A Children’s Book Resource:

Hungry Planet What the World Eats By: Peter Menzel and Faith D’Aluisio

This book would be a great resource for a family story time after dinner. Beautiful photographs archive families all around the world surrounded by what they eat in a month’s time. Discuss the similarities and differences you recognize with each family.

Encourage: 

Praise your kids for taking time to make a difference as a family. Make sure they know their efforts combined with others, do make a profound difference!

Ten Ways to Give Back Over the Fall Season

1. Take time out to write an encouraging message of thanks to your children’s teachers. Words of encouragement can go a long way to lift someone’s spirits. Teachers are priceless.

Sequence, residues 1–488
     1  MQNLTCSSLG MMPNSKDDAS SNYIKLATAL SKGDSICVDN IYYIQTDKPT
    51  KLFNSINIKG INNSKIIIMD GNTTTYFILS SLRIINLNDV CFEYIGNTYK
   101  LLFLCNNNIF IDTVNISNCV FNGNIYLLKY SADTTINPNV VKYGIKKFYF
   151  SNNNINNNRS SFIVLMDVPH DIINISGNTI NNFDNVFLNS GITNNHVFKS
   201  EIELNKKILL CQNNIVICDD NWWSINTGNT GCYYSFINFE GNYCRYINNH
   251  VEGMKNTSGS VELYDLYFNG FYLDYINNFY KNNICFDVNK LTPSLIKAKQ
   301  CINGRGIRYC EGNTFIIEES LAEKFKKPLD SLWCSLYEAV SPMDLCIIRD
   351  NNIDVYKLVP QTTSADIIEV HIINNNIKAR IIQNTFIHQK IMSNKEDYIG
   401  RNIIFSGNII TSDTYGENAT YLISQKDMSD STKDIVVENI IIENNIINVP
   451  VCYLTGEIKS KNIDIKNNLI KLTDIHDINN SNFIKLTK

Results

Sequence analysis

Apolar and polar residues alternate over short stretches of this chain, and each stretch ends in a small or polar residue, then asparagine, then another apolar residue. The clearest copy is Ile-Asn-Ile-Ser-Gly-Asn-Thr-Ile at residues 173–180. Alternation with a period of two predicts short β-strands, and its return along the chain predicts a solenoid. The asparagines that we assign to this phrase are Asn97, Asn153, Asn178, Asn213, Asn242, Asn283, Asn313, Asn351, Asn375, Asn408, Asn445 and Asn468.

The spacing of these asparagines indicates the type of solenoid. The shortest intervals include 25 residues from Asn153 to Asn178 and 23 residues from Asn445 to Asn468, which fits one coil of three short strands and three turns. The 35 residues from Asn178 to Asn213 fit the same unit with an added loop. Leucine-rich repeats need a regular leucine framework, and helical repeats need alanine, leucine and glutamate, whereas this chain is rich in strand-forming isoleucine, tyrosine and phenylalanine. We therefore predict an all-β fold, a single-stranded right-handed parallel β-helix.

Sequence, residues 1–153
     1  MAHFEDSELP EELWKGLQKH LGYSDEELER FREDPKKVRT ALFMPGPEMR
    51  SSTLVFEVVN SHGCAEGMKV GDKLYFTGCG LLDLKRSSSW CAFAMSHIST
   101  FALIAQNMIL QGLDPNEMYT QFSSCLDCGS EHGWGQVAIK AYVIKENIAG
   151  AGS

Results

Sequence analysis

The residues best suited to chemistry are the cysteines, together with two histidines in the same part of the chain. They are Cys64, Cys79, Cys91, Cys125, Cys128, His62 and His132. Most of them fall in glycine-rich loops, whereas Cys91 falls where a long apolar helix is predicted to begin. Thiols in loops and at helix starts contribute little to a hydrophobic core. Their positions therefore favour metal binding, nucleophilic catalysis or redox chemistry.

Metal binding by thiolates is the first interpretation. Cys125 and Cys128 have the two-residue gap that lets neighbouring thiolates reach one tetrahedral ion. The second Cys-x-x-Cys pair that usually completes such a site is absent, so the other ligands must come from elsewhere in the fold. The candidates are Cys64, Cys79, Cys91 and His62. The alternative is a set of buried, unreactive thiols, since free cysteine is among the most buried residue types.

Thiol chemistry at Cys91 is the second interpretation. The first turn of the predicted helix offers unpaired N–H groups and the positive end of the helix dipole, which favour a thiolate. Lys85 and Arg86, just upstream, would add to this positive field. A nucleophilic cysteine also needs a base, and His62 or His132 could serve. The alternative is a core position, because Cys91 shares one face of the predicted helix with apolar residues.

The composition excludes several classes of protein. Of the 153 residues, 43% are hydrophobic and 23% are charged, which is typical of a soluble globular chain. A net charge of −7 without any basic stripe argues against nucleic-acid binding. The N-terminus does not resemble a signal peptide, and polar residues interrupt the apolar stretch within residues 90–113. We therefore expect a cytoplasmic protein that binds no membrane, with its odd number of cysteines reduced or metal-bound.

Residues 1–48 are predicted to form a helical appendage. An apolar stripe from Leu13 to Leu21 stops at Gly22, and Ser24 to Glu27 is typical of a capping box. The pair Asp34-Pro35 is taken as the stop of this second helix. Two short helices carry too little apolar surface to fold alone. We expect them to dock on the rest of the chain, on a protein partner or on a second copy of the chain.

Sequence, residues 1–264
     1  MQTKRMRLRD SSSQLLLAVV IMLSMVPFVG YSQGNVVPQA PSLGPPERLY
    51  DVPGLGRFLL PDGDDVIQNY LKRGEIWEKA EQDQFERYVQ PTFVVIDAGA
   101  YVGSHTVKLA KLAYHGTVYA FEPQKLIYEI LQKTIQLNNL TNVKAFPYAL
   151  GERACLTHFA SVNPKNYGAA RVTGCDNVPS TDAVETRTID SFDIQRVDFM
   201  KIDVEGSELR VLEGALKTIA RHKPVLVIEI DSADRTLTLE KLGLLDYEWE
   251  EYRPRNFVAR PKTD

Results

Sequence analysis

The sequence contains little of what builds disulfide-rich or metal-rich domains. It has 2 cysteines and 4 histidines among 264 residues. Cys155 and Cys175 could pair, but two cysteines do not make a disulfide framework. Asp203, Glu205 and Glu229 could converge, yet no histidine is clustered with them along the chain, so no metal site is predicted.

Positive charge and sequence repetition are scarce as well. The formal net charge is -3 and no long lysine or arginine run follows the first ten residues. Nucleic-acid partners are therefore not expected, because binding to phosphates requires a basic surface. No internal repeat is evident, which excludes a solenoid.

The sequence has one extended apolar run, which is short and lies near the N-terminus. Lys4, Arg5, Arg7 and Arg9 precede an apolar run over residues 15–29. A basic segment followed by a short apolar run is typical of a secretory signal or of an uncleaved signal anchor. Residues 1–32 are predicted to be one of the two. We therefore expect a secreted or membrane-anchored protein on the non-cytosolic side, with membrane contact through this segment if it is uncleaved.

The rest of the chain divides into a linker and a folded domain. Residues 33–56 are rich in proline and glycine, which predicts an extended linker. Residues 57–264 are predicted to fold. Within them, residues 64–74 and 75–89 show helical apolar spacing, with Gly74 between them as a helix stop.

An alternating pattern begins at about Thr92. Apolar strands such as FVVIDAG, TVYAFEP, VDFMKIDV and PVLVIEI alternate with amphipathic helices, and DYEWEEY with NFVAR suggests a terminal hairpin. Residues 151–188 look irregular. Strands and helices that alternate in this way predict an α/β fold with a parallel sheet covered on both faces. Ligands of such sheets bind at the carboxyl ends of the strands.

2. When the leaves begin to fall, consider helping someone else rake their yard; surprise a neighbor, minister to the home bound or elderly, or choose someone that could use a helping hand.

3. Donate candy to your local neighborhood or church trunk or treat, safe Halloween celebration.

4. Save spare change throughout the fall season. Pick a project to fund for a school in need at an organization like Adopt a Classroom.

5. Take time to support your local schools. If you are not sure how, contact the school secretary. Usually, there are numerous simple ways to contribute; Boxtops for Education, Campbell Soup Labels, volunteering time, donating library books, etc.

6. Make two pots of chili and two apple pies. Use one set for your family and deliver the other as encouragement to another family.

7. Host a neighborhood or small group pumpkin carving or pumpkin painting gathering to build community.